Home Lightbox National Sport No More: Pakistan’s Field Hockey Coma

National Sport No More: Pakistan’s Field Hockey Coma

by AFP
Luc Claessen-Belga—AFP

Luc Claessen-Belga—AFP

Former players blame lack of funding, government apathy for string of losses.

Pakistan’s field hockey team has been on the slide for years but the side’s failure earlier this month to qualify for the Olympics for the first time marks a calamitous new low. Former players have blamed corruption, officials living in denial and a failure to keep up with developments in the game prompting Prime Minister Nawaz Sharif to set up a committee to try to arrest the slide. But it has a monumental task.

Pakistan, three-time Olympic gold medalists and four-time world champions, finished a distant eighth in the World Hockey League in Antwerp, Belgium, earlier this month. They needed to finish at least fifth to qualify for the Rio 2016 Games but the former Asian masters suffered the ignominy of losing to newcomers Ireland and France.

Former Olympian Sami Ullah described the fall as inevitable after last year’s failure to qualify for the World Cup, also a first in an event that has existed since 1971. “The alarm bells should have been ringing last year when we went out of the World Cup but our officials never heeded that failure and this latest failure has sent our hockey in a coma,” he said.

The former left winger, nicknamed the “Flying Horse” for his extraordinary speed, was part of Pakistan’s successful team of the 1970s and ’80s.

Pakistan used to boast some of the world’s best players—the likes of Sami Ullah, right winger Islahuddin Siddiqui and playmaker Shahbaz Ahmed, who anchored Pakistan’s last World Cup victory in 1994 in Australia. But the sport has moved on significantly since those days, with technical innovations such as artificial turf as well as new tactics and frequent rule changes.

Former goalkeeper Mansoor Ahmed, whose penalty stroke save in the final helped Pakistan win the world title in 1994, said Pakistan were also badly lagging in fitness. “We did not keep pace with the changes in hockey,” he said. “Our players lack fitness, the officials and coaches are not fit for the task and above all, political influence destroyed our game.”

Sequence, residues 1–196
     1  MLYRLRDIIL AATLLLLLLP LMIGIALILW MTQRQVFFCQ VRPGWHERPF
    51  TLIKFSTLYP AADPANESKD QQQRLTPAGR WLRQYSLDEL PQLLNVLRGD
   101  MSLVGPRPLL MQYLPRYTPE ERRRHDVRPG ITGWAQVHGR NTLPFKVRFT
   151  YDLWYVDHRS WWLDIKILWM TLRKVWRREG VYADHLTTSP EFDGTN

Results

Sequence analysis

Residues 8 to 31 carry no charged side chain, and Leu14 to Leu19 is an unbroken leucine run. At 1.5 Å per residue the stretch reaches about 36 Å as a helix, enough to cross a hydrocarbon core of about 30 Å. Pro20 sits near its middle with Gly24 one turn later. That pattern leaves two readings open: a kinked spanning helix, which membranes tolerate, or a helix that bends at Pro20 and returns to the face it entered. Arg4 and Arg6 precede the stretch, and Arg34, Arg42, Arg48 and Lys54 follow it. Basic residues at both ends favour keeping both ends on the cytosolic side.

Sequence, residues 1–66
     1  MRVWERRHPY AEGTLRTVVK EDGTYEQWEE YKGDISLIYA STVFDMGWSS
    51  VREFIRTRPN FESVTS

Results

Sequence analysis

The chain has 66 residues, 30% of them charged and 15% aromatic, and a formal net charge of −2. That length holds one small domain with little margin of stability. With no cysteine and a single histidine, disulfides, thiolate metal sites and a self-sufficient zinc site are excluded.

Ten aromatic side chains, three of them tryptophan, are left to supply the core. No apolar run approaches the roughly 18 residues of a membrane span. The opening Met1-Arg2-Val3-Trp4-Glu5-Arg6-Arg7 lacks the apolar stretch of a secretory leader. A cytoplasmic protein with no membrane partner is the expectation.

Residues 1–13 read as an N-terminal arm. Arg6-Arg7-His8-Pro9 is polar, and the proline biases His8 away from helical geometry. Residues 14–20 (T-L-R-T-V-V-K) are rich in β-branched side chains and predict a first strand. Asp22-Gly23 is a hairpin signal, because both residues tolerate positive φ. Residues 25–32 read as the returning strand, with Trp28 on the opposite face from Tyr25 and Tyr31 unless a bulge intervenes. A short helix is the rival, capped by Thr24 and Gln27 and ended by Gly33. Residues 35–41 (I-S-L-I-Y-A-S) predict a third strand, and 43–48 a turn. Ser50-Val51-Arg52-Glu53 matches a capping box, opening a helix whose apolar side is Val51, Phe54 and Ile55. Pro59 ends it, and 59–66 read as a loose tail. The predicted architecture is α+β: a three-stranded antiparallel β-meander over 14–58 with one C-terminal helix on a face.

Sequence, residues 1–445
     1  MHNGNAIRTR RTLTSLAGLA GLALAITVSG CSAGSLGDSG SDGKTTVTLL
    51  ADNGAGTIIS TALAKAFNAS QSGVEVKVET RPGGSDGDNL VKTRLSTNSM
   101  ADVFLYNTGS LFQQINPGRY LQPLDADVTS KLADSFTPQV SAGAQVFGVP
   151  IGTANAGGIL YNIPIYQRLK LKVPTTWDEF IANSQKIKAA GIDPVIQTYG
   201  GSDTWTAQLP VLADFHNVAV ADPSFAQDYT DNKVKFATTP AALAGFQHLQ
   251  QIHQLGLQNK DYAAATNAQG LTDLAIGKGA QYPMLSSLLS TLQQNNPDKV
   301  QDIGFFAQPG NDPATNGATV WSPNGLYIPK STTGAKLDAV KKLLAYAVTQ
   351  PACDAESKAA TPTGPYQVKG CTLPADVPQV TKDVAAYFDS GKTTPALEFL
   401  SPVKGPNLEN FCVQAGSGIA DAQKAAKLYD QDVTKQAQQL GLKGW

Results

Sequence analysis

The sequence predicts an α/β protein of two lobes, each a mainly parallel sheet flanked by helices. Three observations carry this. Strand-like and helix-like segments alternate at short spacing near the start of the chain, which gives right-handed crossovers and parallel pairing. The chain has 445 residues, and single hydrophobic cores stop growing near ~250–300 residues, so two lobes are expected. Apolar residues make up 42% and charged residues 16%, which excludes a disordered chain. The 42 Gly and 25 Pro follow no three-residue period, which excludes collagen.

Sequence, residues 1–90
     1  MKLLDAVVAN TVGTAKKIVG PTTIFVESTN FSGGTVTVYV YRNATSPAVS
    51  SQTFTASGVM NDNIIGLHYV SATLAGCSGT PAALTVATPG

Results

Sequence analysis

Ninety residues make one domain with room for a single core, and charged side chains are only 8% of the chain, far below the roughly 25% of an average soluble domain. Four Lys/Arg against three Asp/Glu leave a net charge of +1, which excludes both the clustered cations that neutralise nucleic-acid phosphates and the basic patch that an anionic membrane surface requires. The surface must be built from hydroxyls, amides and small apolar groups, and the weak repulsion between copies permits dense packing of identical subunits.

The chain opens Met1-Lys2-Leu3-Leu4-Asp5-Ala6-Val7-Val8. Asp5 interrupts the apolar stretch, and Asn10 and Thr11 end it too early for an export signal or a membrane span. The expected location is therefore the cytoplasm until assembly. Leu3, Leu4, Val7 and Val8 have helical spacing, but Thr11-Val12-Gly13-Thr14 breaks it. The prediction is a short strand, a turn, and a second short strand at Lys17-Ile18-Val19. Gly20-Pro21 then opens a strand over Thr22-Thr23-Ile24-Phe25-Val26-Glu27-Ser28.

While European teams and Australia marched on with high levels of fitness, lasting 70 minutes on stamina-sapping turf, players from Asia were exposed.

Asia, once regarded as the superpowers of field hockey with South Korea emerging in 1980s, will only have one representative, India, at next year’s Games in Rio. India, the eight-time Olympic gold medalists, missed out on the 2008 Beijing Games but managed to regroup with a big injection of financial support.

Pakistan have been plagued with money woes, with head coach Shahnaz Shaikh and skipper Mohammad Imran blaming the lack of funding for the team’s failure. “I have been shouting for funds for the last year,” said Shaikh, a world famous left-side forward in his day. “Government needs to pour big money to lift hockey as we lack facilities.”

Imran said the lack of funding was having a serious impact on the players’ conditioning. “You can’t compete at international level eating chickpeas and bread,” he said, referring to the players’ diet in the pre-tournament camps. “We lived on a meager $20 daily allowance in Belgium, which was very tough on players.”

But the government has refused to release a grant, instead demanding an audit of the reported Rs. 1.2 billion funding given by the previous government in 2009.

Sami pointed the finger at the Pakistan Hockey Federation. “Any sport could have been lifted with money like that,” he said. “But there was corruption and the officials should be taken to task for misusing the funds which have brought the darkest period on our national game.”

With the national team in such a poor state hockey is struggling to attract youngsters in a country where cricket gets wall-to-wall media coverage. But Mansoor feels all is not lost.

“I still feel we can lift our hockey but for that we need to appoint a foreign adviser, most suitably an Australian because their style of play matches ours,” suggested Mansoor. “We have to do that first and develop players for modern hockey. Hockey is in our hearts and it will not die.”

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